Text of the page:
Ah, the obligatory end-of-year ‘best of’. Yes, it’s reductive. And, of course, very personal. And this year it has not been easy. Shows that I just ‘knew’ would be amazing didn’t turn out that way, and unexpected delights coming in from leftfield means this list isn’t, possibly, what I thought[…]

Top Ten London Art Shows 2016

The Courtauld Gallery has curated a wonderfully intimate and intriguing display on a private passion that occupied Auguste Rodin during the last two decades of his life. From the end of the nineteenth century, Rodin became fascinated with avant-garde dance forms. He was intrigued by the flexibility of acrobats he[…]

Review: Rodin & Dance, The Courtauld Gallery ‘A Rare Glimpse into a Private Passion’

Hello everybody So, November’s list is a mix of new shows and those shows that are so impressive I’m listing them again. There’s such a diversity of styles and genres that I’m sure there is something for everybody here (or, at least I hope that there is). And budgets too.[…]

Top Ten London Art November 2016

OK, so I wanted to write about book covers. And, specifically, my book covers. Largely because I’m not really in a position to comment on how other book covers get chosen (obviously). But also because I’m hoping that insight into issues I had with my cover images may bring into[…]

The Politics of a Book Cover…

I’ve wanted to write about anger for a long time. And I mean that both in terms of wanting to have that as a central theme in my books and plays, but also to write a piece about why this is important to me. And why exonerating female anger from[…]

I Want to Write About Anger…

Hello everybody So, here are my suggestions for those ten art shows around the capital that are thought-provoking, challenging, inspiring, provocative, and all the other descriptive words you can think of. Plenty to see, especially with so many new shows opening. And I’m pleased to say that about half of[…]

Top Ten London Art September 2016

Hello everybody Another month, another list of those shows around London that are worth putting to the top of your list. From big productions in the West End, to new writing at places such as Royal Court, Soho Theatre and the Almeida. We’ve headline-grabbing star turns and terrific ensemble productions.[…]

Top Ten London Theatre September 2016

There’s a hazy mist of nostalgia to the National Portrait Gallery’s new exhibition of the work of celebrated American photographer, William Eggleston. Whether it’s his images of Marcia Hare, basking in the sun on some grassy field, her pale skin and auburn hair glowing like some hippie version of a[…]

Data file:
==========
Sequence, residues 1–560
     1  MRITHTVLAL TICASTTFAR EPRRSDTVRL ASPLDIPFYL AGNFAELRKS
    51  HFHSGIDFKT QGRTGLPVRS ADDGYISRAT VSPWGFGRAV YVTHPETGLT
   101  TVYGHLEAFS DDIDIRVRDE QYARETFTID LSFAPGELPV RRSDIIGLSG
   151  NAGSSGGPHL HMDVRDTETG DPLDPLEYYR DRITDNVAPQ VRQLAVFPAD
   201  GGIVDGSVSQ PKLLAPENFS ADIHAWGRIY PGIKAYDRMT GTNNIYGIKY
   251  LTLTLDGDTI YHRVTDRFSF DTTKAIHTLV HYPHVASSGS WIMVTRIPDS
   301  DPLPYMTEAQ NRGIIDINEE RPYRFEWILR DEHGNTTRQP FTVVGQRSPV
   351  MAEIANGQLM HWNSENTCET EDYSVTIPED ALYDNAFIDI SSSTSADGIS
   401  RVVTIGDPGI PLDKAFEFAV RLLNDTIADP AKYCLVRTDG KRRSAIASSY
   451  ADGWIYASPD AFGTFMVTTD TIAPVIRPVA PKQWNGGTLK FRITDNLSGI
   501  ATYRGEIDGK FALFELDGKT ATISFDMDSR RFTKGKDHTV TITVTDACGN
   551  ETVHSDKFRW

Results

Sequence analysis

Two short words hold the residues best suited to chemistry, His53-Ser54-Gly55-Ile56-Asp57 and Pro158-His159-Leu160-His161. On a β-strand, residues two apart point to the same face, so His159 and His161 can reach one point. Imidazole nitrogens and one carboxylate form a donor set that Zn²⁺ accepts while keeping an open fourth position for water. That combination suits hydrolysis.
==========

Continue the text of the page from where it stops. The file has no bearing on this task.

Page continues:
William Eggleston Portraits, National Portrait Gallery ‘Beautiful, Evocative Photographs’

The diversity of shows and subjects across the London stages right now is very exciting. We’ve musicals that include everything from erstwhile classics to adaptations of childhood stories, and dramatic theatre that includes revivals of plays from the most famous of writers to works from new faces. Whether you want[…]

Top Ten London Theatre to See in August

Hello Everybody I hope you’re all OK. It’s been a bruising couple of weeks, huh? So, for those of you looking for a show to either indulge the pain or distract you completely, here’s my top ten list of shows to see in London in July. A Midsummer Night’s Dream,[…]

Top Ten London Theatre July 2016

So it has come to this… My first foray into reviewing ‘lifestyle.’ Now, to be honest, I’m not 100% sure what ‘lifestyle’ means for everyone else but I’ve always assumed it’s some kind of catch-all for, you know, lifestyle. Like, restaurants, places, things, and so on. Is that right? Who[…]

Sexy Fish, London W1 Review: Passé

Given its location in Hyde Park, it’s a smart move by Serpentine Gallery to open a show on Alex Katz’s landscapes. Alex’s huge paintings brim with vibrant greens and fields of yellow in brightly lit scenes. And these are offset against other night time scenes where trees are shrouded in[…]

Review: Alex Katz, Serpentine Gallery

1. Wear Comfortable Shoes And a pedometer. Because, I warn you now, there’s a lot of walking to be done! The extension, known as the Switch House (the original building is known as the Boiler House), is ten floors. Ten whole floors. And with art from the ground floor up,[…]

Top Tips on the New Tate Modern

So, having just returned from a weekend break in Amsterdam that was, pretty much, solely for the purpose of seeing as much of the city’s impressive art treasures as I could, I thought I would do a quick write up of what I saw, and where, to help guide any[…]

Art in Amsterdam

Cross-dressing, gunshots, strippers in booths, electrocution, masturbation, rape, drugs in eyeballs, violent assault, forced feeding, straight sex, gay sex, incest with a dead brother, ripping out of tongues, sex reassignment surgery, electro-shock therapy, murder, suicide, war, Blondie and sunflowers. That, people, is Cleansed. This is a tough play. Graphic and[…]

Review: Cleansed, National Theatre ‘You’ll Either Walk Out or Give It a Standing Ovation’

2015 was a great year for art shows in the capital, with high-profile solo artist shows, such as Ai Weiwei at the Royal Academy, John Singer Sargent at the National Portrait Gallery and Goya at the National Gallery, sitting perfectly alongside genre and subject-focused exhibitions, such as post-war British cultural history[…]